Rabbi Johanan counted ten instances in which Scripture refers to the death of Moses (including one in the parashah), teaching that God did not finally seal the harsh decree until God declared it to Moses. Rabbi Johanan cited these ten references to the death of Moses: (1) Deuteronomy 4:22: "But I must die in this land; I shall not cross the Jordan"; (2) Deuteronomy 31:14: "The Lord said to Moses: 'Behold, your days approach that you must die'"; (3) Deuteronomy 31:27: "[E]ven now, while I am still alive in your midst, you have been defiant toward the Lord; and how much more after my death"; (4) Deuteronomy 31:29: "For I know that after my death, you will act wickedly and turn away from the path that I enjoined upon you"; (5) Deuteronomy 32:50: "And die in the mount that you are about to ascend, and shall be gathered to your kin, as your brother Aaron died on Mount Hor and was gathered to his kin"; (6) Deuteronomy 33:1: "This is the blessing with which Moses, the man of God, bade the Israelites farewell before his death"; (7) Deuteronomy 34:5: "So Moses the servant of the Lord died there in the land of Moab, at the command of the Lord"; (8) Deuteronomy 34:7: "Moses was 120 years old when he died"; (9) Joshua 1:1: "Now it came to pass after the death of Moses"; and (10) Joshua 1:2: "Moses My servant is dead." Rabbi Johanan taught that ten times it was decreed that Moses should not enter the Land of Israel, but the harsh decree was not finally sealed until God revealed it to him and declared (as reported in Deuteronomy 3:27): "It is My decree that you should not pass over."
Rabbi Jonah taught in the name of Rabbi Levi that the world was created with a letter bet (the first letter in Genesis 1:1, which begins, , , Bereishit bara Elohim, "In the beginning God created") because just as the letter bet is closed at the sides but open in front, so one is not permitted to investigate what is above and what is below, what is before and what is behind. Similarly, Bar Kappara reinterpreted the words of Deuteronomy 4:32 to say, "ask not of the days past, which were before you, since the day that God created man upon the earth," teaching that one may speculate from the day that days were created, but one should not speculate on what was before that. And one may investigate from one end of heaven to the other, but one should not investigate what was before this world. Similarly, the Rabbis in a Baraita interpreted Deuteronomy 4:32 to forbid inquiry into the work of creation in the presence of two people, reading the words "for ask now of the days past" to indicate that one may inquire, but not two. The Rabbis reasoned that the words "since the day that God created man upon the earth" in Deuteronomy 4:32 taught that one must not inquire concerning the time before creation. The Rabbis reasoned that the words "the days past that were before you" in Deuteronomy 4:32 taught that one may inquire about the six days of creation. The Rabbis further reasoned that the words "from the one end of heaven to the other" in Deuteronomy 4:32 taught that one must not inquire about what is beyond the universe, what is above and what is below, what is before and what is after.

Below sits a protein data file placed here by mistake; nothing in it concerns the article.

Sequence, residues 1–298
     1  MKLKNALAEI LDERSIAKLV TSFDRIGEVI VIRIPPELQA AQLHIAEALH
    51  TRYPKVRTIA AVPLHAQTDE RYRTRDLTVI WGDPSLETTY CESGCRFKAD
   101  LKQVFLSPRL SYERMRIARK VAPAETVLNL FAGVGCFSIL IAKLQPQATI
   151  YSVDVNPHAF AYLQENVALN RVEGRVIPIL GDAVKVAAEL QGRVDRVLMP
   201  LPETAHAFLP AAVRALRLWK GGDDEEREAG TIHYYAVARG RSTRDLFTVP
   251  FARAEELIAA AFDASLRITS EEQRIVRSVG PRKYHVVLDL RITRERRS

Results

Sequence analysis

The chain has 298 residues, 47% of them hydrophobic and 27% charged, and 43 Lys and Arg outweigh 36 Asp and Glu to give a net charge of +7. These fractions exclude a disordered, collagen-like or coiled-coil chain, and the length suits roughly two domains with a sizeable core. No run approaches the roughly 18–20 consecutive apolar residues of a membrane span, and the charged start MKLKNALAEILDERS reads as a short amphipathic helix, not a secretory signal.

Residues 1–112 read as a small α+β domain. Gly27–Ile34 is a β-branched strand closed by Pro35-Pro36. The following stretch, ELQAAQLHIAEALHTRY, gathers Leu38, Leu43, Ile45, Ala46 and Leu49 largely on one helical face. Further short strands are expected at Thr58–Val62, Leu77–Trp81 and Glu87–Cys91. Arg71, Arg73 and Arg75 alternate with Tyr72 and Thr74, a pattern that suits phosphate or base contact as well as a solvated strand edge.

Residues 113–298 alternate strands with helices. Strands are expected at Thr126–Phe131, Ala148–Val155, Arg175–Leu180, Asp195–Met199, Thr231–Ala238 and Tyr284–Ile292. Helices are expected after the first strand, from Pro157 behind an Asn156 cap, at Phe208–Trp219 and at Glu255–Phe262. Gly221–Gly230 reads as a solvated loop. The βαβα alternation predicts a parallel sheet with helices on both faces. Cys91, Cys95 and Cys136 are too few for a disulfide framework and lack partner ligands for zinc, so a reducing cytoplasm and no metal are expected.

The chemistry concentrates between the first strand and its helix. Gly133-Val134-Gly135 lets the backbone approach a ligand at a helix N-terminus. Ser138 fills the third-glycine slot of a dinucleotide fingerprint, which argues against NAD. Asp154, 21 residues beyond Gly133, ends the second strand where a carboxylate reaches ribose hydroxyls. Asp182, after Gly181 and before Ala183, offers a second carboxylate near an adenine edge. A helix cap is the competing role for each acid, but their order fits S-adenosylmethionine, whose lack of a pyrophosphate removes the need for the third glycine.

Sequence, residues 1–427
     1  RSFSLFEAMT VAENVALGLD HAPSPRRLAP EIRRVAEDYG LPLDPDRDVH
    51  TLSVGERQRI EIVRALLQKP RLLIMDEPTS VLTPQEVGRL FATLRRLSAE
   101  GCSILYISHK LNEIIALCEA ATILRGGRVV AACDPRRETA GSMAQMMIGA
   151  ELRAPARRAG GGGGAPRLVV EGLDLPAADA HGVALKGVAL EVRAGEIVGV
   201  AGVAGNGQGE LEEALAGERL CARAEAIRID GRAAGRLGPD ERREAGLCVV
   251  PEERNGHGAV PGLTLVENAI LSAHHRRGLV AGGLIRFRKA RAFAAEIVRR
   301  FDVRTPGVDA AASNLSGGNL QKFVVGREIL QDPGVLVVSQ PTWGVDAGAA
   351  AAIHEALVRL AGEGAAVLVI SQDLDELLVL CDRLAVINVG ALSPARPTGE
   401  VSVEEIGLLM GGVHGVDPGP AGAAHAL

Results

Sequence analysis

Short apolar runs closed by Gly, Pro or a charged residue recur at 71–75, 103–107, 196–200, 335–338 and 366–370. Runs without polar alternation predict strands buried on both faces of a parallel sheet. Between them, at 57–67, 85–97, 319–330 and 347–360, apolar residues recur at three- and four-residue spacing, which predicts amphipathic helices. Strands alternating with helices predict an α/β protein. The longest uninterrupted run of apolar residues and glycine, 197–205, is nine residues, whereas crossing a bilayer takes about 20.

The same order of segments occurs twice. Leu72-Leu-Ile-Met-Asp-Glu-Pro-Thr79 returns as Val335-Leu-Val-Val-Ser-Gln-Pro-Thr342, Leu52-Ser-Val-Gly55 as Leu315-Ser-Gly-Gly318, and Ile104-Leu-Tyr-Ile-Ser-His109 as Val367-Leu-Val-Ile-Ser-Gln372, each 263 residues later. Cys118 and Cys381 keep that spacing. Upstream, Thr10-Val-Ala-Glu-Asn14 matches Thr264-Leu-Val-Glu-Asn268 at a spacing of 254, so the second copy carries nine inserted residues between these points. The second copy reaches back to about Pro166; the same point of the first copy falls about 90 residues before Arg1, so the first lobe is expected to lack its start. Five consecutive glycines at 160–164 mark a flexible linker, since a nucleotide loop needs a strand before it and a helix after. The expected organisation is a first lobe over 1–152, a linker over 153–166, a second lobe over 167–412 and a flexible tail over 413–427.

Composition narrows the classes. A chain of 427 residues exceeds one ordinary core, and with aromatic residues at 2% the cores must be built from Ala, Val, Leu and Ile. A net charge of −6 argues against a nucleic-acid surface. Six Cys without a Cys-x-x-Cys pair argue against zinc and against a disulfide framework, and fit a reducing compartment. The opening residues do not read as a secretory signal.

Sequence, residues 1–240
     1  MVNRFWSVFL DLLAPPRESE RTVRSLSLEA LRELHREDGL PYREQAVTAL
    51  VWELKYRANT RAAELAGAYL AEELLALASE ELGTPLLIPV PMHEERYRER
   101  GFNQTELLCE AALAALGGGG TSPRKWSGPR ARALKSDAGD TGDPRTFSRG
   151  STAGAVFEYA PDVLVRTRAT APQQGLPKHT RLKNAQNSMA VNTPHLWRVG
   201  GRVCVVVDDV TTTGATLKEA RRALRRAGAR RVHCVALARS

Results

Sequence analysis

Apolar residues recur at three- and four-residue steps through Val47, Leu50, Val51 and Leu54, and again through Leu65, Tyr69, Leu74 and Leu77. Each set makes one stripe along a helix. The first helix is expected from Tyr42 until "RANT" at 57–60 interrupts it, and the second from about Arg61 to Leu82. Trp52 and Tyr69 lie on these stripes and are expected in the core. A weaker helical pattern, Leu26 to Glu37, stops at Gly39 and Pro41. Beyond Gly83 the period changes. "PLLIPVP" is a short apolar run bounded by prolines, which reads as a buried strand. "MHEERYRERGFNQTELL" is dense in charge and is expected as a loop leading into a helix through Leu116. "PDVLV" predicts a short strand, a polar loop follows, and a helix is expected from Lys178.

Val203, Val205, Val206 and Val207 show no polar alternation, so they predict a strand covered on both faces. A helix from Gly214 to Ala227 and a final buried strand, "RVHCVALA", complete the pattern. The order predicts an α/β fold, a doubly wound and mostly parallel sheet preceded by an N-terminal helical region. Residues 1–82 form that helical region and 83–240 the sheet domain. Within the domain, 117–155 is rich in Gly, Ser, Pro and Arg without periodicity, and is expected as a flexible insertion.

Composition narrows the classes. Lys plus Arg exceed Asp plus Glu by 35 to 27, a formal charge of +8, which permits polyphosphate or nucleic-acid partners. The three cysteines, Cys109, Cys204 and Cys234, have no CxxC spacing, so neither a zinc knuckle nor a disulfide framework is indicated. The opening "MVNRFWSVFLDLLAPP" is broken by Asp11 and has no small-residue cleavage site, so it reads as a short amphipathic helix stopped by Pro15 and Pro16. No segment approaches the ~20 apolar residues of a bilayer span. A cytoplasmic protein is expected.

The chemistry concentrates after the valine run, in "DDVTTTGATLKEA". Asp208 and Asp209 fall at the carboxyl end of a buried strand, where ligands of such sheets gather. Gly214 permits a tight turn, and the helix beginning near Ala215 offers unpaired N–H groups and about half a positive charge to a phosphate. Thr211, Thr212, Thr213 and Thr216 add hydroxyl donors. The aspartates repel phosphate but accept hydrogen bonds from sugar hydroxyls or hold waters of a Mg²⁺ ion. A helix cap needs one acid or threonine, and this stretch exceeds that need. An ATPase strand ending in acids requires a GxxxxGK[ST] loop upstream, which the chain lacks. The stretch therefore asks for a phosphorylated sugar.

Rabbi Eleazar read the words "since the day that God created man upon the earth, and ask from the one side of heaven" in Deuteronomy 4:32 to read, "from the day that God created Adam on earth and to the end of heaven." Thus Rabbi Eleazar read Deuteronomy 4:32 to intimate that when God created Adam in Genesis 1:26-27, Adam extended from the earth to the firmament. But as soon as Adam sinned, God placed God's hand upon Adam and diminished him, as Psalm 139:5 says: "You have fashioned me after and before, and laid Your hand upon me." Similarly, Rav Judah in the name of Rav taught that when God created Adam in Genesis 1:26-27, Adam extended from one end of the world to the other, reading Deuteronomy 4:32 to read, "Since the day that God created man upon the earth, and from one end of heaven to the other." (And Rav Judah in the name of Rav also taught that as soon as Adam sinned, God placed God's hand upon Adam and diminished him.) The Gemara reconciled the interpretations of Rabbi Eleazar and Rav Judah in the name of Rav by concluding that the distance from the earth to the firmament must equal the distance from one end of heaven to the other.